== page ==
Sir Henry Finch (1558-1625) and the first english advocates of the restoration of the jews to palestine

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The subject of this paper belongs to the history both of the Jews and of England, and it refers to the sphere of religion as well as to that of politics. It is the fate of many matters that overlap different orbits in this way that only on rare occasions one or another of the respective students takes care of them, and that they become thus a kind of scientific no man's land. This happened in the present case.

Not earlier than 1861 the first attempt was made to deal with the history of the Christian movement for the Restoration of the Jews to Palestine by the outstanding theologian, David Brown. He, however, treated the matter from a merely theological angle. After the publication of this quickly forgotten book more than half a century had to pass before the matter was again taken up. Zionism had in the meantime entered upon its decisive phase. With the preliminaries and the issue of the Balfour Declaration a vivid interest in the historical antecedents of the British pro-Zionist policy was aroused. In 1917 Albert M. Hyamson presented the first account of the " British Projects for the Restoration of the Jews ". While this survey was concerned mainly with the events of the nineteenth century, Nahum Sokolow in his " History of Zionism " (1919) traced and investigated the Christian current tending to the restoration of Israel, particularly the British sector of this movement, as far as the beginning of the seventeenth century. There was, however, according to Sokolow's intentions, in his general history of Zionism no room for special inquiries about the origin and the first stage of the movement.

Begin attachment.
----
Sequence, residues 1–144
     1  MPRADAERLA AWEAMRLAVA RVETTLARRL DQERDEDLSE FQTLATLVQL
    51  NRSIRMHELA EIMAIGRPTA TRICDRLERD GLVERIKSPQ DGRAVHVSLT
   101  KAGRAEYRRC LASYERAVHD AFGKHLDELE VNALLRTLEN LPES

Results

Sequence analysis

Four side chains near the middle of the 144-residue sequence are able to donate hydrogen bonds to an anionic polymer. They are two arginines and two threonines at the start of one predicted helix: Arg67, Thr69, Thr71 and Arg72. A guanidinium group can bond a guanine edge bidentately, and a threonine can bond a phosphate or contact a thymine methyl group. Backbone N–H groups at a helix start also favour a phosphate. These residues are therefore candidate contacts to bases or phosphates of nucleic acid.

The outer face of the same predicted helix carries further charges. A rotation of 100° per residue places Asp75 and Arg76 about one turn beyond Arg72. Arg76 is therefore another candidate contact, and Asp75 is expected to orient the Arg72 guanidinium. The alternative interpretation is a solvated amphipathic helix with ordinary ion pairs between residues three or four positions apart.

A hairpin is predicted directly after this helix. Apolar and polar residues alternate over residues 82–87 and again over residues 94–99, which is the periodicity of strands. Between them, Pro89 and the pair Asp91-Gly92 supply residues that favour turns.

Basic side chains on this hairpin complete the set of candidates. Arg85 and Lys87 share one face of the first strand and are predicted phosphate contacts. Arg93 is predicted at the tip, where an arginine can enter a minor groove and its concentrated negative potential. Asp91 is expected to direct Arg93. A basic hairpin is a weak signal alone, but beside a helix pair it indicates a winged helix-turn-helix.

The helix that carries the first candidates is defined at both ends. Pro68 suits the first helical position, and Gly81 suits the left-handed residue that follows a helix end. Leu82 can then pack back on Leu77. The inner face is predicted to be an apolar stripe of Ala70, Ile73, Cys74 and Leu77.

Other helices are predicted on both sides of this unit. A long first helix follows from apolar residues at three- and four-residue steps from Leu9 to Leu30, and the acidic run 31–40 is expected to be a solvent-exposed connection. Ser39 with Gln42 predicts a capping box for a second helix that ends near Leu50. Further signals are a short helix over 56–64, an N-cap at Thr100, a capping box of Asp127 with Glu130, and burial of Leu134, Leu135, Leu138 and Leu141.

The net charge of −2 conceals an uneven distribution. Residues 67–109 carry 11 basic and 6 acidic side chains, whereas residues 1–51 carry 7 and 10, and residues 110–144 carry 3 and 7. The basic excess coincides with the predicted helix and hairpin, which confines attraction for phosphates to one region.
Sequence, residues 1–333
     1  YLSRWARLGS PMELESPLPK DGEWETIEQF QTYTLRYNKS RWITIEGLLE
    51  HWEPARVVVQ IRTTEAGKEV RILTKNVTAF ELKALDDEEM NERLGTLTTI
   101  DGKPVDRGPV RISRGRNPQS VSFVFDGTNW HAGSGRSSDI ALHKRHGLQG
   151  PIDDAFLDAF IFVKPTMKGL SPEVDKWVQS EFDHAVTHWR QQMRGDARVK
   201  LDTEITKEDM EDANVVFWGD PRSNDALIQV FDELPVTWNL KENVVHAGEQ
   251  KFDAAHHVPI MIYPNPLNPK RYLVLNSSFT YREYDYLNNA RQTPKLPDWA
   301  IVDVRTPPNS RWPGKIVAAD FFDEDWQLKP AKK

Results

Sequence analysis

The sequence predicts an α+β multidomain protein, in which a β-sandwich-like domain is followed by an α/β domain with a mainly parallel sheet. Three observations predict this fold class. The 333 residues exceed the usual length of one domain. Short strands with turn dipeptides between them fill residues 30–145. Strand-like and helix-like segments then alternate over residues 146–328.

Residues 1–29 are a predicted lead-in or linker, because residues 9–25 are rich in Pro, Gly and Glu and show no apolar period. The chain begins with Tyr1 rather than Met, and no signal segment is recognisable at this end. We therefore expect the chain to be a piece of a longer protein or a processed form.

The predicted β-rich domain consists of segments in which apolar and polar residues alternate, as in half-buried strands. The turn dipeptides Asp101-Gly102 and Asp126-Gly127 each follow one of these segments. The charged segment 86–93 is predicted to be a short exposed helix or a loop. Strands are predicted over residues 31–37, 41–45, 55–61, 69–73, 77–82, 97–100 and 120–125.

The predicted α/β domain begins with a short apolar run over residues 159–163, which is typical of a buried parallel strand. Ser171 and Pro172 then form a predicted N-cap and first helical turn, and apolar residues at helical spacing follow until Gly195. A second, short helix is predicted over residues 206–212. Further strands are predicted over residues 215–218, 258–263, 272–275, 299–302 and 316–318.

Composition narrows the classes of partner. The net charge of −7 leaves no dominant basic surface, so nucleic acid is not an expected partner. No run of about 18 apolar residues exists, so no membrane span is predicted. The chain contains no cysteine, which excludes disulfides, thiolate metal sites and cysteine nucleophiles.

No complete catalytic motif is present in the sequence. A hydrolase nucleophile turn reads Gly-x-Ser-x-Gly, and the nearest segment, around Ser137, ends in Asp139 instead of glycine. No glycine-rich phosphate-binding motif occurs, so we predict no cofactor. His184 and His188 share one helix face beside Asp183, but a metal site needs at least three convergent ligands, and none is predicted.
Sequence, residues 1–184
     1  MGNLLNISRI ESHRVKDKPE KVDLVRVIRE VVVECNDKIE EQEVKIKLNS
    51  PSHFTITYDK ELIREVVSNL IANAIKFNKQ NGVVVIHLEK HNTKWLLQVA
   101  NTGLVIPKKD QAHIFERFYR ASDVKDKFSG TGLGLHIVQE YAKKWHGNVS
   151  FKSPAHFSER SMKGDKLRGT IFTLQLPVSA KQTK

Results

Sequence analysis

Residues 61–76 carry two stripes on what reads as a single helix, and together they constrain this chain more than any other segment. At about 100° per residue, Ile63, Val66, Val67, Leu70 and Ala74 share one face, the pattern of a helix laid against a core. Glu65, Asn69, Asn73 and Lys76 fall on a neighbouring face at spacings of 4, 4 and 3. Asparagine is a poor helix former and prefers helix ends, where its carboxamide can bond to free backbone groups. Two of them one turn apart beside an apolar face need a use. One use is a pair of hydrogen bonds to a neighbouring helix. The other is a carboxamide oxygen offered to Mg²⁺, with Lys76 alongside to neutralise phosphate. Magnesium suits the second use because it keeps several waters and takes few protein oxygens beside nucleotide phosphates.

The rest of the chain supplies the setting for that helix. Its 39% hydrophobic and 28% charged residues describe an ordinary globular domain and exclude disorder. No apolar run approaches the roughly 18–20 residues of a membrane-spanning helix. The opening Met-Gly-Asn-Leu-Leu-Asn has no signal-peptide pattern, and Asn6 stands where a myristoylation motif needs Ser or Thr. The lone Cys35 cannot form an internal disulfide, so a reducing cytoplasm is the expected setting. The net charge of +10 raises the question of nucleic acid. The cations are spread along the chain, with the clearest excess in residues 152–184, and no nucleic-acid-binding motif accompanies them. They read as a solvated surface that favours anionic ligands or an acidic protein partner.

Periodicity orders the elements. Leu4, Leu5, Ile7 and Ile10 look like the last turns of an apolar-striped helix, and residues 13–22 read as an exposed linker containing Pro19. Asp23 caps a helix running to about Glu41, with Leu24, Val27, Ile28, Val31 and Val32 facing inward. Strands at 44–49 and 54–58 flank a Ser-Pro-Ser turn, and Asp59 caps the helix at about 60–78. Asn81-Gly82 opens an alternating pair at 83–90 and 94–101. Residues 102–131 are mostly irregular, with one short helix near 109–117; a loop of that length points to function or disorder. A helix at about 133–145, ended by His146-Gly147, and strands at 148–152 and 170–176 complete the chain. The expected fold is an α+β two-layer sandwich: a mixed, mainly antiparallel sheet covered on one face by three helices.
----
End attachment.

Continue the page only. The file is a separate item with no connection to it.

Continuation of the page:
During the twenty-five years which have since elapsed the restoration of the Jews has taken shape in an amazing way. The building of the Jewish National Home in Palestine is in progress,2 in spite of the unparalleled trial which the Jewish people has to face at present. At the same time a special crisis has developed within the complex of the British policy towards Palestine. Thus many reasons justify right now an attempt to examine thoroughly the origin of the interest that the non-Jewish world has taken in the re-establishment of the Jewish people in the Holy Land.

must ask for permission to begin with a preliminary survey of the develop? ments in the Christian world which finally culminated in the appearance of the first English advocates of " the Restoration of the Jews ".

The re-emergence of the Holy Land and, particularly, of Jerusalem to their former or even more splendid glory constitutes not only the never abandoned hope of Israel but also an essential part of the Christian eschatology as developed by the founders of the Church. The principal expectations, based chiefly on the Book of Daniel and the Revelation of St. John, were the return of Jesus and his victorious struggle against Antichrist whose fall would lead to the Millennium, the heavenly kingdom of peace bound to last a thousand years and to

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